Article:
I’ve recently finished a project creating a custom board game box as a gift for a friend. I had a pretty limited supply of plywood to hand to make it from, and the stuff that I had was pretty badly warped.
I knew I wanted to do some engraving on the top surface which presented a challenge.
The above test cube was cut and engraved from some decent quality laser grade plywood. Yet if you look at the engraving on the bottom left compared to the top right there’s an obvious difference in the depth of cut. This could’ve been caused by a multitude of factors:
- Warping in the wood.
- Uneven clamping to the CNC machine base
- Badly calibrated CNC machine.
For the board game box I needed a consistent depth of cut because I wanted fill the engraving with an iron powder inlay, and the surface I wanted to engrave was much larger so all of the above factors would be magnified over the distance.
One common way of solving this would be to take a surfacing cut with a flat bottomed end mill over the whole sheet of plywood to level the top surface. I didn’t want to risk this because I don’t have decent work-flow for doing this with my machine yet, and I was worried I’d end up milling through the top veneer.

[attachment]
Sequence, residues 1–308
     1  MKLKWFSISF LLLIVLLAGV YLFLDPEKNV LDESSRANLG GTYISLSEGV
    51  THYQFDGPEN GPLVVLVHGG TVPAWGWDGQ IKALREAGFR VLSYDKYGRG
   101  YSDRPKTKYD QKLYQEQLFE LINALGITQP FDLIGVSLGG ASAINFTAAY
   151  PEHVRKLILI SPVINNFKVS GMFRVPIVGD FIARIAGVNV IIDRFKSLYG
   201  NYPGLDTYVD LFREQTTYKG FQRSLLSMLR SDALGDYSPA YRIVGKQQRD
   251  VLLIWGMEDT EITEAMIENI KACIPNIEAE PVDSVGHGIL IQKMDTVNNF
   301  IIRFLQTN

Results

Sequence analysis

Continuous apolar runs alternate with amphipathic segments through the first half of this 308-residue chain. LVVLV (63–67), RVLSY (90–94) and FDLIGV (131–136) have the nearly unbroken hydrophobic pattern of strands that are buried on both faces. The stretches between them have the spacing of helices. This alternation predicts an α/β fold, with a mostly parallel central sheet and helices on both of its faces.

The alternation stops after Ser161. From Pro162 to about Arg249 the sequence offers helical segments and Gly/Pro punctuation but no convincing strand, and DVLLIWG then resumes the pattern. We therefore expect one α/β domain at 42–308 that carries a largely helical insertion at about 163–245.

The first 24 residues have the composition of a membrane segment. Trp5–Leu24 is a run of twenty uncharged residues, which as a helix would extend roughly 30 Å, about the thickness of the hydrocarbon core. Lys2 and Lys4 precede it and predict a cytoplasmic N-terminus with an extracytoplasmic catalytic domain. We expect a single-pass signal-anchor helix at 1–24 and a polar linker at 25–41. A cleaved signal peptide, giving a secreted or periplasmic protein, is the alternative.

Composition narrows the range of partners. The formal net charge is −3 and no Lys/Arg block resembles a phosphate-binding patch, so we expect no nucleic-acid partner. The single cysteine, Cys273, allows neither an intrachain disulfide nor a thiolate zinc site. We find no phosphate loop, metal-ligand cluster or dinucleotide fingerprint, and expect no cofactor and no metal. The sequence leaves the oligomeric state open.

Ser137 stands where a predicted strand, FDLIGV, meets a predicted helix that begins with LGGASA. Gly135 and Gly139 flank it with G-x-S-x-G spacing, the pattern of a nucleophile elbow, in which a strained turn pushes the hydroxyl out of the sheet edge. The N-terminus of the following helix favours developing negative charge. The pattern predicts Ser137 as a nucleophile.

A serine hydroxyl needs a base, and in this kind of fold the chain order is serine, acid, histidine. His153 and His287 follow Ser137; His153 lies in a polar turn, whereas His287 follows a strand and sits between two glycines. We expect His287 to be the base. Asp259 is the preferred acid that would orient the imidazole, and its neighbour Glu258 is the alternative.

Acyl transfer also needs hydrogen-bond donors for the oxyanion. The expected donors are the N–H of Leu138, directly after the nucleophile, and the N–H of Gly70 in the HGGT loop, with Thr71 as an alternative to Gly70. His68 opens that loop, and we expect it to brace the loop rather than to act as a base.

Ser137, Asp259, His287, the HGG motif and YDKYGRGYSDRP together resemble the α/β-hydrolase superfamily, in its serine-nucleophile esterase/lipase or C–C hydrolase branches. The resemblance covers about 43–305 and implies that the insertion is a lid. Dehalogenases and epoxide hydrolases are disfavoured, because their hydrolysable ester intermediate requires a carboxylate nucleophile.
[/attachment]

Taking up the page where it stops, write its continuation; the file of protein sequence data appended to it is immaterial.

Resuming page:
Another way to solve this would’ve been to use the touch probe functionality of GRBL to build up a map of the surface and warp the engraving paths appropriately. Alas I haven’t gotten round to building a touch probe yet but fortunately I had routed the touch probe wires to near the spindle. This sparked the beginnings of a cunning plan.
I had a can of 3M Remount spray from a previous project (same glue as found on the back of post-it notes) which i figured i could spray onto some tin foil to create a conductive top surface for the plywood.
After smoothing the tinfoil to the plywood I attached crocodile clips from the tinfoil to one of the touch probe wires, and the tip of the spindle to the other touch probe wire. I could then use Candle’s (an open source G-Code sender) touch probe functionality to build a height map.
With the height map generated the engraving paths could be warped to match it (again using functionality built into Candle) and the top surface could be engraved.
The tin foil is easy to remove and leaves very little residue thanks to the 3M remount spray.
Iron powder was then brushed into the engraving, fixed into place with super glue, and then sanded flat.
The other parts of the box could then be assembled.
I used some corner pieces cut from thicker plywood to help hold the shape of the box and mitigate the warping of the thinner plywood.
Using the same technique as the top surface I engraved a name tag to put on the front of the box.
Finally the box was assembled, sanded, oiled using butchers block oil, and some brass corner protectors added.
In some lights it’s possible to make out the remnants of the super glue. If done again I’d probably look to seal the entire top surface using super glue, or spend more time sanding.
But otherwise I’m pretty chuffed with how this turned out.